- a partially or mostly burned piece of coal, wood, etc.
- any residue of combustion; ashes.
- Geology.coarse scoriae erupted by volcanoes.
- a live, flameless coal; ember.
- slag1(def 1).
- a mixture of ashes and slag.
- to spread cinders on: The highway department salted and cindered the icy roads.
- Archaic. to reduce to cinders.
- to spread cinders on a surface, as a road or sidewalk: My neighbor began cindering as soon as the first snowflake fell.
Origin of cinder
Examples from the Web for cinders
Contemporary Examples of cinders
I was determined for this to happen, but his mother thwarted my efforts and had him burnt to cinders in the US instead.Sid Didn't Kill Nancy
February 4, 2009
Historical Examples of cinders
At the lower end it was black and hard and broken like cinders.Buried Cities: Pompeii, Olympia, Mycenae
Been high and low, on the chance of finding some hope of saving any cinders from the fire.Little Dorrit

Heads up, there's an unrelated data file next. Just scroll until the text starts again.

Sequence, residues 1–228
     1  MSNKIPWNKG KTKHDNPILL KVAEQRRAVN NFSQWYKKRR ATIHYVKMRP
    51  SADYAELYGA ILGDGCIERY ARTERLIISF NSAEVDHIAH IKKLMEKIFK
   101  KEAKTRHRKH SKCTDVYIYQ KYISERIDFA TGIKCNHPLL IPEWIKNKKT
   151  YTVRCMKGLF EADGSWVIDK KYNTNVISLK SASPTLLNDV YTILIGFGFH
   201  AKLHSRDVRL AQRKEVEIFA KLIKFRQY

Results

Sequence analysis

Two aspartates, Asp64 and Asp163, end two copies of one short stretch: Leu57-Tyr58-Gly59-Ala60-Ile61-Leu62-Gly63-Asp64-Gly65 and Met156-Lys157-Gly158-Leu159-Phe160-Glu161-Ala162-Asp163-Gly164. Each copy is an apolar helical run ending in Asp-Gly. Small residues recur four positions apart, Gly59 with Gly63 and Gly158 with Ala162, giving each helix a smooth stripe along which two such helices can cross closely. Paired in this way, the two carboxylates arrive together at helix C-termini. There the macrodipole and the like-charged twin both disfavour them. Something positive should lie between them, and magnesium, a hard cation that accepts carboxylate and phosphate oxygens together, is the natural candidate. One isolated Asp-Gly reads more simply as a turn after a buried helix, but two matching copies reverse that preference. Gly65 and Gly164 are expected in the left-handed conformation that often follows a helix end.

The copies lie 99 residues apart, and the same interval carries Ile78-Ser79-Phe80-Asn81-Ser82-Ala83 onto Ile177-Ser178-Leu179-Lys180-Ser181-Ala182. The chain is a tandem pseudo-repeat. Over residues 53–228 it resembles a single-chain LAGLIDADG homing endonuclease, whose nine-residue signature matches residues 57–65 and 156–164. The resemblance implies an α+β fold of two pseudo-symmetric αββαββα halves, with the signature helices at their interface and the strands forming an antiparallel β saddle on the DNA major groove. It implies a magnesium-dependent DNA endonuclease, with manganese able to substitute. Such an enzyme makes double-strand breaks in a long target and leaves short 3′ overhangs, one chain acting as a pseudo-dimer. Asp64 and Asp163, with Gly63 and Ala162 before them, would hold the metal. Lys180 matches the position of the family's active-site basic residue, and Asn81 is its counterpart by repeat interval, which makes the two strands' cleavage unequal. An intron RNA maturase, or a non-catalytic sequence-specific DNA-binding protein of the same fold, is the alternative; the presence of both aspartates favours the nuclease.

Before the stove the cinders of the previous winter still lay in a heap.His Masterpiece
At length the stew began to simmer on a fire covered with cinders.L'Assommoir
We are like travellers using the cinders of a volcano to roast their eggs.Nature
Ralph Waldo Emerson
- a piece of incombustible material left after the combustion of coal, coke, etc; clinker
- a piece of charred material that burns without flames; ember
- Also called: sinter any solid waste from smelting or refining
- (plural) fragments of volcanic lava; scoriae
- (tr) rare to burn to cinders
Word Origin for cinder
Old English sinder "dross of iron, slag," from Proto-Germanic *sendra- "slag" (cf. Old Saxon sinder "slag, dross," Old Norse sindr, Middle Low German and Middle Dutch sinder, Dutch sintel, Old High German sintar, German Sinter), from PIE root *sendhro- "coagulating fluid" (cf. Old Church Slavonic sedra "cinder").
Initial s- changed to c- under influence of unrelated French cendre "ashes," from Latin cinerem (nominative cinis) "ashes," from or related to Greek konis "dust" (see incinerate). The French word also apparently shifted the sense of the English one to "small piece of burnt coal" (16c.). Volcanic cinder cone is recorded from 1849.
see burned to a cinder.